HOPES of banishing measles from Europe by next year may have been dashed by poor vaccination rates in a handful of countries that included Britain, researchers claim.
A new study has documented more than 12,000 cases of measles in Europe in the two years spanning 2006 and 2007.
All but 15 per cent occurred in just five countries – the UK, Germany, Switzerland, Italy and Romania – and most were infections of unvaccinated or partially vaccinated children.
In Britain, a slump in vaccine take-up has been blamed on unfounded fears about the possible side-effects of the triple measles, mumps and rubella (MMR) jab.
With measles infection rates rising, this has led in turn to concerns about the possibility of an epidemic.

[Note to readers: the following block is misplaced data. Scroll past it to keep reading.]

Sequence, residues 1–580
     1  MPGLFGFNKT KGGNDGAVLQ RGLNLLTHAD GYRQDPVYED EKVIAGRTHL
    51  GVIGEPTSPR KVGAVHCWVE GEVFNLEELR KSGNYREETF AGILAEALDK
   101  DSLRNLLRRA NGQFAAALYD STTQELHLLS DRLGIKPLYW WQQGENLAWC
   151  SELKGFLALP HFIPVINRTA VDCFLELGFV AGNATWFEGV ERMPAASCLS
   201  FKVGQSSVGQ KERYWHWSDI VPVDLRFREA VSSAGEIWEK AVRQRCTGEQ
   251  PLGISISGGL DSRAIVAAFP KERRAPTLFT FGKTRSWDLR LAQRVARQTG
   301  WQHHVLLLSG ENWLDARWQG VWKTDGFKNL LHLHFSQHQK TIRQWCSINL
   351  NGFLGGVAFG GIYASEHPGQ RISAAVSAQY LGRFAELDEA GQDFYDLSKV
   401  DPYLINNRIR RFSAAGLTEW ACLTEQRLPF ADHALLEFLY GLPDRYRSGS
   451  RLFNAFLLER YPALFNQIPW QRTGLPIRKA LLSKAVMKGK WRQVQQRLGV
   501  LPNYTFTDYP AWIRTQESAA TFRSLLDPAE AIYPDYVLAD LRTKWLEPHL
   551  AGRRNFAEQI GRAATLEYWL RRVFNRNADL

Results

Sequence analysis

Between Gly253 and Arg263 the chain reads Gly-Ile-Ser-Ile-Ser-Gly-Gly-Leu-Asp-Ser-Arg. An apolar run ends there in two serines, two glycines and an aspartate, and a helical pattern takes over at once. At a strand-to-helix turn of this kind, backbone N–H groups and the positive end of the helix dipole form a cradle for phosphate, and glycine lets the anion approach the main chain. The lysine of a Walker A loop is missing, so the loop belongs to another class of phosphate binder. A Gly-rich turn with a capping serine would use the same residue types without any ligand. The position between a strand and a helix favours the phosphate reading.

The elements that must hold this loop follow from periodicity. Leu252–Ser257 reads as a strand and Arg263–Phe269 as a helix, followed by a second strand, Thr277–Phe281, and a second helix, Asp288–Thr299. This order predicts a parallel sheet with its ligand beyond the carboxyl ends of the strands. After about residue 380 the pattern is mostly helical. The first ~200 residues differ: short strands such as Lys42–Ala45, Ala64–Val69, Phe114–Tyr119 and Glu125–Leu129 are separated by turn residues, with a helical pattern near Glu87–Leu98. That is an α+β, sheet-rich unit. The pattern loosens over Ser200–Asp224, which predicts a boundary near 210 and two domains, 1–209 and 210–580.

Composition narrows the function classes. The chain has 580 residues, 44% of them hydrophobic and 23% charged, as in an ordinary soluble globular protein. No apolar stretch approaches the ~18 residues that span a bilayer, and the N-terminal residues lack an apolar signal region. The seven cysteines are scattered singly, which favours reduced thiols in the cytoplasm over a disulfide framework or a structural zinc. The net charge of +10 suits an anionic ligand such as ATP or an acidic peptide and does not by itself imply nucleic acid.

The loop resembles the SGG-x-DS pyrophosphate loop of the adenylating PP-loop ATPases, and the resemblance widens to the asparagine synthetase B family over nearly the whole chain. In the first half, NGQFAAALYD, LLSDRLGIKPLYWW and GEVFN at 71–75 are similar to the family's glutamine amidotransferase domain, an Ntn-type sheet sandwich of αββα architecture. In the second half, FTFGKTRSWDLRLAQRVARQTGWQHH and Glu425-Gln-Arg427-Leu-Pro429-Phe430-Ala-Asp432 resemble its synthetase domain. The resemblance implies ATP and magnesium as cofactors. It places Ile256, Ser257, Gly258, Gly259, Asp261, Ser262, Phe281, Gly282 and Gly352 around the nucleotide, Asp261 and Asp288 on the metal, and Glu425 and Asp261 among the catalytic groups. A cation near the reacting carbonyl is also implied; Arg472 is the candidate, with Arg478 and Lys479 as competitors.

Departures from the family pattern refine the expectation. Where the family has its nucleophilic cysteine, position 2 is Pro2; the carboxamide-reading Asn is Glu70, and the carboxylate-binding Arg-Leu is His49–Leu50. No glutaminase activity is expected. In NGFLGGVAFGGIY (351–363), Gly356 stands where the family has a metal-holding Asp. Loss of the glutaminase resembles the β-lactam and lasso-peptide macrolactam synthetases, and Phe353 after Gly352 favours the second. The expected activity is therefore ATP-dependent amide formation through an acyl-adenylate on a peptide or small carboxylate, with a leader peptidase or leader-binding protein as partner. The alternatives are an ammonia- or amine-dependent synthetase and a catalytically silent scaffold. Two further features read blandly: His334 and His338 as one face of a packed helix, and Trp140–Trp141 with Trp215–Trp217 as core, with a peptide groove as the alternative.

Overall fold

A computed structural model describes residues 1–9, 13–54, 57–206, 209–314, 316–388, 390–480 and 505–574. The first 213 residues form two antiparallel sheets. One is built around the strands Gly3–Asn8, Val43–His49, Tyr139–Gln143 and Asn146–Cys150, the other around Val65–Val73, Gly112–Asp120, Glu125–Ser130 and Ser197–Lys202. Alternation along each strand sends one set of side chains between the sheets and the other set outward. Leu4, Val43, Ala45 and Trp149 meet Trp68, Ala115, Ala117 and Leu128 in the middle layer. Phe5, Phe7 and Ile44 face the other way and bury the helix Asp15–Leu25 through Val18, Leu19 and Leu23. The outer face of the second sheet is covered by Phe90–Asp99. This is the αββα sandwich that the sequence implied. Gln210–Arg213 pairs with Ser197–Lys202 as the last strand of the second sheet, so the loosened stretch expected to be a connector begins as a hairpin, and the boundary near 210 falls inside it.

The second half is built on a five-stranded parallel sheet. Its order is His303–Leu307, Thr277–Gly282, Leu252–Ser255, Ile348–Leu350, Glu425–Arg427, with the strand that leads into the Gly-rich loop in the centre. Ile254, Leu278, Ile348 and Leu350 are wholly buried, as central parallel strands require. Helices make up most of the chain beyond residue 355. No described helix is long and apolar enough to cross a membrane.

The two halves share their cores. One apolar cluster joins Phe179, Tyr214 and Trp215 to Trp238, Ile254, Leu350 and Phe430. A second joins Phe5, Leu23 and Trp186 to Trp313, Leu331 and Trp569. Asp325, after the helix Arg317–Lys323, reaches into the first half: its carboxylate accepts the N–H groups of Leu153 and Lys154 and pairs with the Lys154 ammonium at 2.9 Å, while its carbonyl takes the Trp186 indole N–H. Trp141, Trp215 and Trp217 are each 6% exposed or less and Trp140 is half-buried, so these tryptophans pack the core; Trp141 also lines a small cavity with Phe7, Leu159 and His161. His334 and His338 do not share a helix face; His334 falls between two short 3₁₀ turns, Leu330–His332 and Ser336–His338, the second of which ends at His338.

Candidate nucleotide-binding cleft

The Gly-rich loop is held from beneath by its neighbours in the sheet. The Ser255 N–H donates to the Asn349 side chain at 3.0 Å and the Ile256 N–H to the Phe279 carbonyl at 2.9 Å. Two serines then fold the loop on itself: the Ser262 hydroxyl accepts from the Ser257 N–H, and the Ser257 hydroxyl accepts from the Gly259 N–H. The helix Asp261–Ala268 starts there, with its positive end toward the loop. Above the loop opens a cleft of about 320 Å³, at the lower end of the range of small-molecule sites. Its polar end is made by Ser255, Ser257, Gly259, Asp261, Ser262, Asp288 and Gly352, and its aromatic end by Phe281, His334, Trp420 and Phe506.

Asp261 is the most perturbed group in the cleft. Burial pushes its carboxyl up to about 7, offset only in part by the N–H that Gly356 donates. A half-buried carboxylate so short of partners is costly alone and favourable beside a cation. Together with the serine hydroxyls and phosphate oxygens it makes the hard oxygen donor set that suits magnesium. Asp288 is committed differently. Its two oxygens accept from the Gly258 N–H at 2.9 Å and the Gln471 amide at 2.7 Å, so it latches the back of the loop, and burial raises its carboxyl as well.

The new research, reported in an online edition of The Lancet medical journal, looks into the World Health Organisation's stated goal of eliminating measles from Europe by 2010.
It concludes that if the situation does not change, achieving this target will not be possible.
"The sub-optimum vaccination coverage raises serious doubts that the goal (of] elimination by 2010 can be attained," the authors wrote.
Dr Mark Muscat, from the Statens Serum Institute in Copenhagen, and colleagues analysed measles data from 32 European countries.
They found that in 2006 and 2007, a total of 12,132 cases of measles were recorded with 85 per cent occurring in just five countries. Although the vast majority involved children, almost a fifth of cases were adults aged 20 or over.